This blog is all about my favourites. Mostly. I do write sometimes about the things that weigh, but mostly, it’s about things, people, stuff I love and which make me content.
I have difficulty separating comfort food from favourite food. I love food, and cooking and my kitchen (actually, any kitchen) is one of my most favourite places in the whole world. I’ll find my way around any kitchen and cook. When I travelled to Johannesburg on business, I’d
sometimes often stay with one of my dearest friends. One day, her then partner commented that they were running late and that someone had to see to the supper. Quick as a flash, her reposte:
Oh, I’m sure Fiona’s already doing something about it.
She was right.
So, technically, what is the difference between comfort and favourite? Beside the fact that one is a noun and the other an adjective:
– [a] state of physical ease and freedom from pain or constraint
– things that contribute to physical ease and well-being.
– preferred to all others of the same kind
I have some favourites that are not connected to food: my favourite animal (cat – unless you hadn’t guessed). Favourite human – The Husband. Favourite rugby team: the Springboks. Now, food, well that’s another matter, and for me, in many respects, the two are intertwined. Comfort is all about well-being and contentment, and food is associated with the most ancient of our senses: smell. Without a sense of smell, we can’t taste. I cannot conceive of a world in which I will never taste again. I have had some experience of that.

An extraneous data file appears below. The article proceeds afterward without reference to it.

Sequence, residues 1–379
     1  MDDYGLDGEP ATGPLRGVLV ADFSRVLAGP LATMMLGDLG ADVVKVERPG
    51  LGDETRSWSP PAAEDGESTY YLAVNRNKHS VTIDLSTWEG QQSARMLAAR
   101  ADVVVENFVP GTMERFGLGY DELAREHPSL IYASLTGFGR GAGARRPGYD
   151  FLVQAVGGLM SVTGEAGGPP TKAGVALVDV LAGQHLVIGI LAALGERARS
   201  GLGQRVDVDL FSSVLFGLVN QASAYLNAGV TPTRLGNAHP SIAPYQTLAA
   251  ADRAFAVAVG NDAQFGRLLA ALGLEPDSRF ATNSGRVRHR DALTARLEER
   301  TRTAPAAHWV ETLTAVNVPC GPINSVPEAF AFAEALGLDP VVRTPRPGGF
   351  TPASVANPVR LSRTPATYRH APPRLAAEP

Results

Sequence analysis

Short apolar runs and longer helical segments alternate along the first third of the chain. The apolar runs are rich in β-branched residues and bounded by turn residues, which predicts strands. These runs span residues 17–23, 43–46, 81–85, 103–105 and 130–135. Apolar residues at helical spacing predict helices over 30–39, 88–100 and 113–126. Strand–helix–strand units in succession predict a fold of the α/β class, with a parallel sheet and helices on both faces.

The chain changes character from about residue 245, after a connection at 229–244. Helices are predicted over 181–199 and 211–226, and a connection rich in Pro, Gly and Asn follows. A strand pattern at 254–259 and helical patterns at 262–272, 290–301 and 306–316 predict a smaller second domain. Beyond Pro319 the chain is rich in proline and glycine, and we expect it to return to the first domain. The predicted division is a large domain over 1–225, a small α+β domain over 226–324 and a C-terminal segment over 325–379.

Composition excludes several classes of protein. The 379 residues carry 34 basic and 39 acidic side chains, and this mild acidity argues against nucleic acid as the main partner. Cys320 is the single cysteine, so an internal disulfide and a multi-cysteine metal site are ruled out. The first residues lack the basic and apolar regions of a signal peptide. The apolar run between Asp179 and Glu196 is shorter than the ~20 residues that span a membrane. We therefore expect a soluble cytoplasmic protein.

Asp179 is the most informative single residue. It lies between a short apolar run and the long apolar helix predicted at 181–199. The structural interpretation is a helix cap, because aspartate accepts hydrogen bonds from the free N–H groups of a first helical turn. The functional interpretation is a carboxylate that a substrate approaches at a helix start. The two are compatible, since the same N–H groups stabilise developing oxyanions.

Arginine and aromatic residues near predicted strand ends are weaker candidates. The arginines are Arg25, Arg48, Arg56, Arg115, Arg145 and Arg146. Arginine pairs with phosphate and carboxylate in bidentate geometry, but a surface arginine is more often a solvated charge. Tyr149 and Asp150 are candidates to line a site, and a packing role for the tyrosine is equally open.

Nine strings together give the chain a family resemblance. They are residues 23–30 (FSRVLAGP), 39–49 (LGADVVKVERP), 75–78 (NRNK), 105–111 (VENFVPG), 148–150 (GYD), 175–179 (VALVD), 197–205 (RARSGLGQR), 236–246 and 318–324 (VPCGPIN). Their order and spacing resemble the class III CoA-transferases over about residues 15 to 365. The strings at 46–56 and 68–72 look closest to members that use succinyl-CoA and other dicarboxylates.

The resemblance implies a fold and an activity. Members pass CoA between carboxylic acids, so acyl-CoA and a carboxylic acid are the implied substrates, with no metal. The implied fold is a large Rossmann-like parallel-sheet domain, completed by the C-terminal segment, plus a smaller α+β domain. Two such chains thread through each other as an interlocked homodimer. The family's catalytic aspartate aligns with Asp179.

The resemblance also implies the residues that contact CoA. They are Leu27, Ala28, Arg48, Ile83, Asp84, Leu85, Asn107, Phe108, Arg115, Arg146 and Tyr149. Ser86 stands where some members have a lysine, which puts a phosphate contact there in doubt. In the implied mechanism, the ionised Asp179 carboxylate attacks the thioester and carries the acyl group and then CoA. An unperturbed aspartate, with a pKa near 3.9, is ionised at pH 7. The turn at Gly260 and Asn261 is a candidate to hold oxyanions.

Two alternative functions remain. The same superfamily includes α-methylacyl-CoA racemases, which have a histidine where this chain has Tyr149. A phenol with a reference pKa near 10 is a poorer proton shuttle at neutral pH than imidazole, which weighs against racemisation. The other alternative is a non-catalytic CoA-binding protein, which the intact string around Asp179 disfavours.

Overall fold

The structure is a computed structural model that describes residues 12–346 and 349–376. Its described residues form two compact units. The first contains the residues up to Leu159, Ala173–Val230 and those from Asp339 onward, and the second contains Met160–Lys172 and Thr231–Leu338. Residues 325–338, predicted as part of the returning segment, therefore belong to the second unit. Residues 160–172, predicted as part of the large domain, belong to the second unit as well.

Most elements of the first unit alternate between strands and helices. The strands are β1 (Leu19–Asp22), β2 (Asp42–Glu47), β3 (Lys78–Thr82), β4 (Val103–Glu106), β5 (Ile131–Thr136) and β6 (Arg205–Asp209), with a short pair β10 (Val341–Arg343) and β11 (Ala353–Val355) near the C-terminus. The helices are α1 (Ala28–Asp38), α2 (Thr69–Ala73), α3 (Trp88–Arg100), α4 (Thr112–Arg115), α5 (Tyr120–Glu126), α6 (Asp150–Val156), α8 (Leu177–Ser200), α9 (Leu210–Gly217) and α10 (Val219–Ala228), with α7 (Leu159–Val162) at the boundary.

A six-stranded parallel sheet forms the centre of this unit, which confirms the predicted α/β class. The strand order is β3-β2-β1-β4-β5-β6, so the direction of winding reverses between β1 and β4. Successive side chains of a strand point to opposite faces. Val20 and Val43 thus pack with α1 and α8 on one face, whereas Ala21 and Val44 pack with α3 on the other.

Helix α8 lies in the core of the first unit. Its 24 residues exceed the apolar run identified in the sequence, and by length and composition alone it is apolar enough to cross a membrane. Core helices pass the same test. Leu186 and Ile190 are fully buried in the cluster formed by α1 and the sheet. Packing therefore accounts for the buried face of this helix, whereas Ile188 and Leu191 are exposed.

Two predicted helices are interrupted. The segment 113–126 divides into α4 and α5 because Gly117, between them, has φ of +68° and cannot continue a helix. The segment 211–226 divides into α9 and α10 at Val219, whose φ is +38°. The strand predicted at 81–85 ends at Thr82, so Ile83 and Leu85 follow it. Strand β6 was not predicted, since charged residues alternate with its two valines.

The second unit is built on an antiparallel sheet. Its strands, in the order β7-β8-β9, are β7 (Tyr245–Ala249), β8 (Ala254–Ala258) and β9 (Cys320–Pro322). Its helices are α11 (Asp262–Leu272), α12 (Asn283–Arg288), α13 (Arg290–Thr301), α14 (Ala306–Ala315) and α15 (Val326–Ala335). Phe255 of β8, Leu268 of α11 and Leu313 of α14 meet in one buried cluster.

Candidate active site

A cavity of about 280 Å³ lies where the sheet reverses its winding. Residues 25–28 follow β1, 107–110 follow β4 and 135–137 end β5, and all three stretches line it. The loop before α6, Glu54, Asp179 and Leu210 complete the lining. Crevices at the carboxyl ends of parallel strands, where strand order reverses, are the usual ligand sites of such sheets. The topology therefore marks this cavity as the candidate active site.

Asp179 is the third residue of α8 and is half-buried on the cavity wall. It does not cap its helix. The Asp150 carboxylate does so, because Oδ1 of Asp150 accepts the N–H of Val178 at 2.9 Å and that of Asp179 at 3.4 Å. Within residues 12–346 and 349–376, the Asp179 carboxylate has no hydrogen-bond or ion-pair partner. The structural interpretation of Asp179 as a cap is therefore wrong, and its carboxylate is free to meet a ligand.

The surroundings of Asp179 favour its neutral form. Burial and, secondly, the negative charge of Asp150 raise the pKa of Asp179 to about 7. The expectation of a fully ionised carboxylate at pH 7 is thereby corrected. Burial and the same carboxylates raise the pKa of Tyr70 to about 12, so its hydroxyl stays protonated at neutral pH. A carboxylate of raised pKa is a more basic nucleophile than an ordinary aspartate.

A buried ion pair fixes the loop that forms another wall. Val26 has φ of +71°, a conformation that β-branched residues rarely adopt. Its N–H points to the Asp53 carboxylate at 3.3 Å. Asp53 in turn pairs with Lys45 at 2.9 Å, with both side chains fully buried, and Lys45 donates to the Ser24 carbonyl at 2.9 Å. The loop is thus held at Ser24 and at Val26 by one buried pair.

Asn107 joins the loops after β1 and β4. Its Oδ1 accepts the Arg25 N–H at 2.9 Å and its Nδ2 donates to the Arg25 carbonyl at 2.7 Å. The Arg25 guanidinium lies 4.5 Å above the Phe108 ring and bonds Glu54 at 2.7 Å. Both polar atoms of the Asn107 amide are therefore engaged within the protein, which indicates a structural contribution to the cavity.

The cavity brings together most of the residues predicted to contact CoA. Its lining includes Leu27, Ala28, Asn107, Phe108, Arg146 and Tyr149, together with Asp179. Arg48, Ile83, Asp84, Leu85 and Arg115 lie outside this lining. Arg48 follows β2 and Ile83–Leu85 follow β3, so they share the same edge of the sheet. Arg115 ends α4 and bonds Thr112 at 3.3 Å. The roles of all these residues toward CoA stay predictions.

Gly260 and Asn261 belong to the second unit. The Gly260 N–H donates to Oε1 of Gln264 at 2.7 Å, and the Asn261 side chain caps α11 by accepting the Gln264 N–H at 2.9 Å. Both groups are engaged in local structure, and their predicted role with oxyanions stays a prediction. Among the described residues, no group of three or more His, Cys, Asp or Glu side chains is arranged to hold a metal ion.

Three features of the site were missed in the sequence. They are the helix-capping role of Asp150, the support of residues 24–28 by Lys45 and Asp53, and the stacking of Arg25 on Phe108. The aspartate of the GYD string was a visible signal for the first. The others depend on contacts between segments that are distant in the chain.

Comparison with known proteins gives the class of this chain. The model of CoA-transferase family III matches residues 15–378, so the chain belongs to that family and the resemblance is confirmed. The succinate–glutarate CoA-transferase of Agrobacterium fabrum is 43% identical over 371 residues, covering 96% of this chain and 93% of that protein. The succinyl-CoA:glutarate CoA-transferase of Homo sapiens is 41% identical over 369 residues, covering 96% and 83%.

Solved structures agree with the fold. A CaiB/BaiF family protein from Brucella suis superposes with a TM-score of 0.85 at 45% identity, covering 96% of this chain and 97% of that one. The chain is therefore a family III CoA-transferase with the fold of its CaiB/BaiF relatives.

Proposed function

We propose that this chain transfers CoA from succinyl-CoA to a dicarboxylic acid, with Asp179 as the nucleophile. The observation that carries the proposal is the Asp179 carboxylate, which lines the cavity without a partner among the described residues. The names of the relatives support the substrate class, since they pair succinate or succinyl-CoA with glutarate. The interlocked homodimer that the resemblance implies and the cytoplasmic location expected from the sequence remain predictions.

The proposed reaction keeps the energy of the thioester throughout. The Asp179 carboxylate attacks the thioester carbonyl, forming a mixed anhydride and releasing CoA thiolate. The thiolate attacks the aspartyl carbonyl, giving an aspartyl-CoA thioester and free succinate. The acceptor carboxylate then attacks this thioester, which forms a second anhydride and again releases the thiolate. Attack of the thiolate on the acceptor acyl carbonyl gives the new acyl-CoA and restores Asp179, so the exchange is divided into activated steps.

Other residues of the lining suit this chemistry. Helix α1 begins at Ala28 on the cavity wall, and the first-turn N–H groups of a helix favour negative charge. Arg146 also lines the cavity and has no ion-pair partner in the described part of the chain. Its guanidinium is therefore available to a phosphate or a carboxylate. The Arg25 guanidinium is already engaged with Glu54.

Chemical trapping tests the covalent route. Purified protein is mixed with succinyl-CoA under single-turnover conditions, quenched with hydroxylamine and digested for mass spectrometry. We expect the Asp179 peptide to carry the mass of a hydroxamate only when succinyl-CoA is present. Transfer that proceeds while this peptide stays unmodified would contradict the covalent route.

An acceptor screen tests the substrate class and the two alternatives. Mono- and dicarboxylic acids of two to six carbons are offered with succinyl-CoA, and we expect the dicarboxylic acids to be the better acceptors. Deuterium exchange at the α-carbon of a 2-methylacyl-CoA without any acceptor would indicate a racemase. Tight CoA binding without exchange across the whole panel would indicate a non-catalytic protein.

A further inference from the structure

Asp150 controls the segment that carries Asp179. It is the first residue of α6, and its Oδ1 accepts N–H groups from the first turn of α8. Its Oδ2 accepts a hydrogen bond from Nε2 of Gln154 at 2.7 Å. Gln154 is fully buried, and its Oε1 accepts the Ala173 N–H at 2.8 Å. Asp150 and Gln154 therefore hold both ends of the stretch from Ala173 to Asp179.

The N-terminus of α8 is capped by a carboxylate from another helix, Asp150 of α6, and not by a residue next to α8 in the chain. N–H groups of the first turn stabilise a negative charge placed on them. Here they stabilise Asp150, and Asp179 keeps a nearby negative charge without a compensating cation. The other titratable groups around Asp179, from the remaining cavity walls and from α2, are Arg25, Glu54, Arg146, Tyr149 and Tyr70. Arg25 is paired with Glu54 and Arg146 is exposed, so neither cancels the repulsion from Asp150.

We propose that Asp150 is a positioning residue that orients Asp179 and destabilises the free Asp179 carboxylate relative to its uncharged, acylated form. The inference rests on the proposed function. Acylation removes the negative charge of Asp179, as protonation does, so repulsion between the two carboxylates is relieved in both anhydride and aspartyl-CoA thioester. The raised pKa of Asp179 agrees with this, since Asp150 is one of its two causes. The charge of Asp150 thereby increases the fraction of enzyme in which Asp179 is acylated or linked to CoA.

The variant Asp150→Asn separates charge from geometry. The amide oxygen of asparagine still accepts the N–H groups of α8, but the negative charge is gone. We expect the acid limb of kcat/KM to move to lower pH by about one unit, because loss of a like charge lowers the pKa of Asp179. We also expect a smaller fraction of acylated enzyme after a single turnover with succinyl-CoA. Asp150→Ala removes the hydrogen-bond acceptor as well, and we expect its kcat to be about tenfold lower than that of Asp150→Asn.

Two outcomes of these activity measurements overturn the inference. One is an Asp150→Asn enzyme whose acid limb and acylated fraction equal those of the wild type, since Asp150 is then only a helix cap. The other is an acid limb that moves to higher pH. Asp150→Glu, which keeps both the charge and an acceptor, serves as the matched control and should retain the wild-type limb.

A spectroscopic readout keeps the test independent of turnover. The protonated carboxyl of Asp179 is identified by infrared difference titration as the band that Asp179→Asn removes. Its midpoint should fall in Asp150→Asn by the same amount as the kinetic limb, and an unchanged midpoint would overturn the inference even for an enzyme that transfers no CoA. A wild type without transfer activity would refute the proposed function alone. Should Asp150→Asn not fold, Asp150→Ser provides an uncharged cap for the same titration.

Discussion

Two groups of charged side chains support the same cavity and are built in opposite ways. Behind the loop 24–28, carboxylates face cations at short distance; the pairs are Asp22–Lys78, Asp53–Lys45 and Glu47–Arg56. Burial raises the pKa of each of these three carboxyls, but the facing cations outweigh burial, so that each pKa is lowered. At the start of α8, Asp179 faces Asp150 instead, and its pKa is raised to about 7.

Going on twenty years ago, I went on a business trip to Japan. The timing was less than optimal because it coincided with moving house – the first home that The Husband and made together. It was also about six months after the my father’s death; my mother had died eleven months before that. Oh, and although neither had anything to do with the break-up of the other’s previous marriages, we were both going through divorces. That was just for starters. As the year progressed, the company I’d invested in, and where I was working, went belly-up, The Husband retired; we got engaged. Look at that list and Google the things that cause the most stress in one’s life…